The second degree murder and perjury trial of former Washington abortionist Dr. Robert J. Sherman was briefly delayed yesterday while Judge Fred B. Ugast privately questioned five jurors about their attendance at other proceedings in D.C. Superior Court during time off from the Sherman case.
After the interviews. Ugast made it clear to the jurors that they had done nothing improper. But he asked the entire panel of 12 jurors and three alternates not to attend other court proceedings while the Sherman trial is in progress. The jury is expected to begin deliberations next week.
The matter came to Ugast's attention Tuesday after two Sherman jurors were observed at the trial of two Washington brothers accused of the murder of a narcotics dealer. Those jurors, both women, were present when Judge John F. Doyle accepted guilty verdicts from the jury in that case. Both Sherman jurors also were observed at the same murder trial one day last week.
Yesterday morning. Ugast discussed the matter with prosection and defense lawyers in the Sherman case. He then asked the full jury panel if any of them had attended other Superior Court proceedings during their free time in the Sherman case. Five jurors raised their hands and acknowledged they had.
After the issue was resolved, the trial, now in its sixth week, resumed with testimony from an expert medical witness for the government who contradicted evidence from defense experts earlier in the trial about the treatment of 16-year-old Rita McDowell at D.C. General Hospital.
McDowell died in the hospital's intensive care unit on March 8, 1975, four days after she went to Sherman's clinic at 1835 I St. NW for an abortion. The government contends that McDowells death was caused by shock and blood poisoning due to an abortion. The defense argues that McDowell's death was caused by grossly negligent treatment at D.C. General.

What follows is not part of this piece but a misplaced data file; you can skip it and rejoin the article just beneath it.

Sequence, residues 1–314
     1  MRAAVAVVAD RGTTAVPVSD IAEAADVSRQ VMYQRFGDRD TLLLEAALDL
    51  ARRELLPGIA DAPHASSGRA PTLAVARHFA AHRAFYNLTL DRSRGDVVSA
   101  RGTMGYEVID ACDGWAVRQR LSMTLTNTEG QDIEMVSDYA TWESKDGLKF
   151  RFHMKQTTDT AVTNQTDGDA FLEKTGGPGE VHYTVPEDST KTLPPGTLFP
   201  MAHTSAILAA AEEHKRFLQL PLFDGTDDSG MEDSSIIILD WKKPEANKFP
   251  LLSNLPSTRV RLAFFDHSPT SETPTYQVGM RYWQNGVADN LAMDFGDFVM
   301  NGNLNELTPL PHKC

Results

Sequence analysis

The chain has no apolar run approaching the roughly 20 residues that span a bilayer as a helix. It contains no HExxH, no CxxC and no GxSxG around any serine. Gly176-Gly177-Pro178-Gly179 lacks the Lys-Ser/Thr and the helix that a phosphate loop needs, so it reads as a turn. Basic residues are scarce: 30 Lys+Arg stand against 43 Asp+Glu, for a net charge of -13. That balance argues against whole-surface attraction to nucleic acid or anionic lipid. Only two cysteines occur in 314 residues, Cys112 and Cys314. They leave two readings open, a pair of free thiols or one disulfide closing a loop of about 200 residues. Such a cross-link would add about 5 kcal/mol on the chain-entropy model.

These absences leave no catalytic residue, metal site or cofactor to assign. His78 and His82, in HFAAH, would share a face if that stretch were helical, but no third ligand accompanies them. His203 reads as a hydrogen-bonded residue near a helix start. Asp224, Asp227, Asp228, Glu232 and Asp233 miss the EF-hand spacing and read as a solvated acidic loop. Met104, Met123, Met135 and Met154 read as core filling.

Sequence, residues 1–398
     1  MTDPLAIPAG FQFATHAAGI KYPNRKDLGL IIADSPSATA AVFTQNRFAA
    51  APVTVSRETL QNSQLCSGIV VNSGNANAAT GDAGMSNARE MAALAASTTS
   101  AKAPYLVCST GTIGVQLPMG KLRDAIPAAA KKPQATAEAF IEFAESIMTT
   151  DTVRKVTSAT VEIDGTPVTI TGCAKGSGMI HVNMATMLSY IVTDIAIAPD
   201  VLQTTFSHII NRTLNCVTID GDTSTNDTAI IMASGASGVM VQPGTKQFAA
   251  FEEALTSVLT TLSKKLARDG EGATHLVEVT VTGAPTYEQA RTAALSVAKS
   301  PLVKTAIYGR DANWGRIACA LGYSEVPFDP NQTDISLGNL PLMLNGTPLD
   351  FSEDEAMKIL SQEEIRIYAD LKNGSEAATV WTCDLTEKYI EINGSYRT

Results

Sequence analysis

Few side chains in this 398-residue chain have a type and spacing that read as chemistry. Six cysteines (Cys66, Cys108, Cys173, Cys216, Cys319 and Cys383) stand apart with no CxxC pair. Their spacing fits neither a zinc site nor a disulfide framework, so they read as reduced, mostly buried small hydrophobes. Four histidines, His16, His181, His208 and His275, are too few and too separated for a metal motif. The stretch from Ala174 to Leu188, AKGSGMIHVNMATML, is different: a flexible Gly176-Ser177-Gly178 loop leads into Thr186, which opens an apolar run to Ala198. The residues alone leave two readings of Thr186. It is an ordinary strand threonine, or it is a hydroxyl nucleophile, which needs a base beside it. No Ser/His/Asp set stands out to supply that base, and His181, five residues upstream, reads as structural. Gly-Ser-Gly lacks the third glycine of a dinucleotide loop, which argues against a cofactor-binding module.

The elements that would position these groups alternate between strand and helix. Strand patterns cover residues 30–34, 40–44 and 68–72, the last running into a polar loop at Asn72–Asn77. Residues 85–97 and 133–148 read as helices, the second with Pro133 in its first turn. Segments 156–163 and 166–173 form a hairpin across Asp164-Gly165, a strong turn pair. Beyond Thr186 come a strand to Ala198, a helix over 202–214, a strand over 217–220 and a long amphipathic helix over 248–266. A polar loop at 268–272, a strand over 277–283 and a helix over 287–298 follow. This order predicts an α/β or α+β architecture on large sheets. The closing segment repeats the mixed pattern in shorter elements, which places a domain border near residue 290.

Yesterday, Dr. Edward Hook, chief of the department of medicine at the University of Virginia School of Medicine, testified that in his opinion. McDowell's condition was so serious when she entered the hospital that "death was almost inevitable. . ."
Hook, who had reviewed McDowell's medical records, disagreed with a defense expert who had testified that some changes in McDowell's condition during her treatment at the hospital left room fro optimism about her chances for survival.
Hook also testified that in his opinion there was no evidence in the record to indicate that the source of McDowell's infection was her urinary tract, contrary to testimony from a defense expert.
Hook also testified that in his opinion. McDowell's treatment at D.C. General was consistent with good medical standards and that doctors there are justified in making repeated attempts to reinsert a needle in her chest as part of a medical procedure, , which Hook described as "essential" to her treatment.